Monday, December 7, 2009

Index of Refraction

We had a running joke in science ed that kids get so overexposed to discrepant events involving density and air pressure that they tend to try to explain anything and everything they don't understand with respect to science in terms of those two concepts. Why do we have seasons? Ummm... air pressure? Why did Dr. Smith use that particular research design? Ummm... density?

I think we need another catch-all explanation. I suggest index of refraction.

To simplify greatly, index of refraction describes the amount of bending a light ray will undergo as it passes from one medium to another (it's also related to the velocity of light in both media, but I do want to keep this simple). If the two media have significantly different indices, light passing from one to the other at an angle (not perpendicularly, in which case there is no bending) will be bent more than if indices of the two are similar. The first four data points are from Hyperphysics, the final one from Wikipedia... glass has a wide range of compositions and thus indices of refraction.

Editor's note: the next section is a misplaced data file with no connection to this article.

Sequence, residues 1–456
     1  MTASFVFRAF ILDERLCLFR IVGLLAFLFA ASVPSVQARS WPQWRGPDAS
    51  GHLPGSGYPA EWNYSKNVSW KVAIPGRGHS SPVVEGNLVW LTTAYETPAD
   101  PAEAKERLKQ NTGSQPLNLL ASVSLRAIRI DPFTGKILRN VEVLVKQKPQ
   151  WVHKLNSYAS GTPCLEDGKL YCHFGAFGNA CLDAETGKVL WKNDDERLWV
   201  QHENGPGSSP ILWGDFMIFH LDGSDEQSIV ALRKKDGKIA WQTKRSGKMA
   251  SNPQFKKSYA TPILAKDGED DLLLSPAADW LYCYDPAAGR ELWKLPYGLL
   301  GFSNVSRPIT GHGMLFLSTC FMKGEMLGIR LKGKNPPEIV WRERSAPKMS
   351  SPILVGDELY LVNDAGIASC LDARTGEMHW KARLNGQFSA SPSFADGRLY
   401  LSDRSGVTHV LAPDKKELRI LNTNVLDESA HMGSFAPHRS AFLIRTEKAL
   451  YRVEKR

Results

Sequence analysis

Material: IoR
Vacuum: 1.00000
Air: 1.00029
Water at 20 C: 1.33
Glycerine: 1.473
Typical soda-lime glass: close to 1.5

Since glycerine and glass have similar IoR, light passing from one to the other isn't bent; as long as both are transparent and similarly colored, each will be effectively "invisible" against the other.

So, why does it rain? Umm... index of refraction?

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